By Matthew Mpoke Bigg
ACCRA (Reuters) - Ghana's opposition called on Thursday for an inquiry into whether a businessman won a $613,000 government construction contract by giving President John Mahama a large sports utility vehicle - a suggestion dismissed by the government.
Communications Minister Omane Boamah denied any impropriety, saying Mahama did not personally award the contract and the Ford Expedition was not given to him directly but was instead placed in a car pool at the presidency.
Even so, the dispute provides an opportunity for the opposition in the build-up to an election in November in which Mahama faces a stiff challenge from rival Nana Akufo-Addo.
"One of the reasons why we give our president a lot of luxury - a helicopter, a plane, a fleet of cars - is so he doesn't receive gifts like this from people who are looking for juicy government contracts," Anthony Karbo, spokesman for the opposition New Patriotic Party, told Reuters on Thursday.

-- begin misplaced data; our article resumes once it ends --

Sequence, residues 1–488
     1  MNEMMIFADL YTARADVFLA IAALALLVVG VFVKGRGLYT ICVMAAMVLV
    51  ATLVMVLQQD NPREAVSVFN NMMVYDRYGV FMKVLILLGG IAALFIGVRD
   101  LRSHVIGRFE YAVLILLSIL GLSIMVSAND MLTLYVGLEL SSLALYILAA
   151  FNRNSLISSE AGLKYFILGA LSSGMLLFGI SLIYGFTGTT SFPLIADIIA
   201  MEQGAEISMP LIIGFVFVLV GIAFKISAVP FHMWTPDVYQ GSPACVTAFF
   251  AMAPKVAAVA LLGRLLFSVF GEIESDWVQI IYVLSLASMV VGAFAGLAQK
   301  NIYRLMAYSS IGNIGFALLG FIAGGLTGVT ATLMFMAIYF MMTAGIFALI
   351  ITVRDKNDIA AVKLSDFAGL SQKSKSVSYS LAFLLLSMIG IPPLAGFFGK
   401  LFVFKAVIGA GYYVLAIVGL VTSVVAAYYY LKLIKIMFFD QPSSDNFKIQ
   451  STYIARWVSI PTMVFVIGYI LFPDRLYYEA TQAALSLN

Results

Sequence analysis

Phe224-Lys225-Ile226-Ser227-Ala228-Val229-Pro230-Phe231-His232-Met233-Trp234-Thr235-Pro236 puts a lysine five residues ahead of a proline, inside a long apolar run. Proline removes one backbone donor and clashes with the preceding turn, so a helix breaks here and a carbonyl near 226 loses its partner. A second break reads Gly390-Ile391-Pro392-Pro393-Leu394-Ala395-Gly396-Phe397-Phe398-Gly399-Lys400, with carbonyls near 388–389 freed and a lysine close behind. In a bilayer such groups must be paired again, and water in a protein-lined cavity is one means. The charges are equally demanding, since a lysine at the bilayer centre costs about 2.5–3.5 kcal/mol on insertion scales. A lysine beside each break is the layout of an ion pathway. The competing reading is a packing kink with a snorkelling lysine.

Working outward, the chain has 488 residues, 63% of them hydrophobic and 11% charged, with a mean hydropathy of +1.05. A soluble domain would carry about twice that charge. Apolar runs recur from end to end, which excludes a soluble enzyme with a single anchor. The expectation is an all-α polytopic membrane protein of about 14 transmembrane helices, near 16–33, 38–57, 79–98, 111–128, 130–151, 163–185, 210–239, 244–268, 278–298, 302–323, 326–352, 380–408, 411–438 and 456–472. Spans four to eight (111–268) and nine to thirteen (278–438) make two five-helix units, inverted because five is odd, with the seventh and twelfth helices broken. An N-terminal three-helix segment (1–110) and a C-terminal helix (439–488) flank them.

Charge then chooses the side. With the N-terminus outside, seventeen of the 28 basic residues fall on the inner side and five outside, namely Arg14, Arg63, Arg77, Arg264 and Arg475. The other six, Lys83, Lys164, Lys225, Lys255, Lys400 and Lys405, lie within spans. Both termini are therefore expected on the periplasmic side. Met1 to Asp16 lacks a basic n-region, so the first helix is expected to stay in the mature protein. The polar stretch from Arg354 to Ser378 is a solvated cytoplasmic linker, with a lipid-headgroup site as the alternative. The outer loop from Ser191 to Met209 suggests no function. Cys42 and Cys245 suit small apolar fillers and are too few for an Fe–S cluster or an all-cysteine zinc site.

The government has issued a statement detailing the contract, which was issued in 2011 to a company owned by businessman Djibril Kanazoe to build a wall around Ghana's embassy in Burkina Faso.
Kanazoe's company offered the lowest bid and the president did not benefit personally, Boamah told Reuters.
"There is no way any man capable of thought would think of a semblance of wrongdoing," he said.
Kanazoe, who is from Burkina Faso, said the car was worth 25 million CFA francs ($43,400) and he gave it to Mahama in 2012 to thank him for his support after the death of his father in 2011 when Mahama, then vice president, sent a delegation to offer condolences.
The contract process started in 2011.
"The gift to President Mahama had nothing to do with the business that I got fairly for the embassy wall," he told Reuters. Kanazoe runs a Ford dealership in Burkina Faso's capital and has interests in mining, logistics and transport.
Ghana ranked 56th out of 168 countries surveyed by Transparency International in its 2016 index of business perceptions of corruption, well ahead of most other African countries.
($1 = 576.2600 CFA francs)
(Additional reporting by Nadoun Coulibaly in Ouagadougou; Editing by Edward McAllister and Andrew Heavens)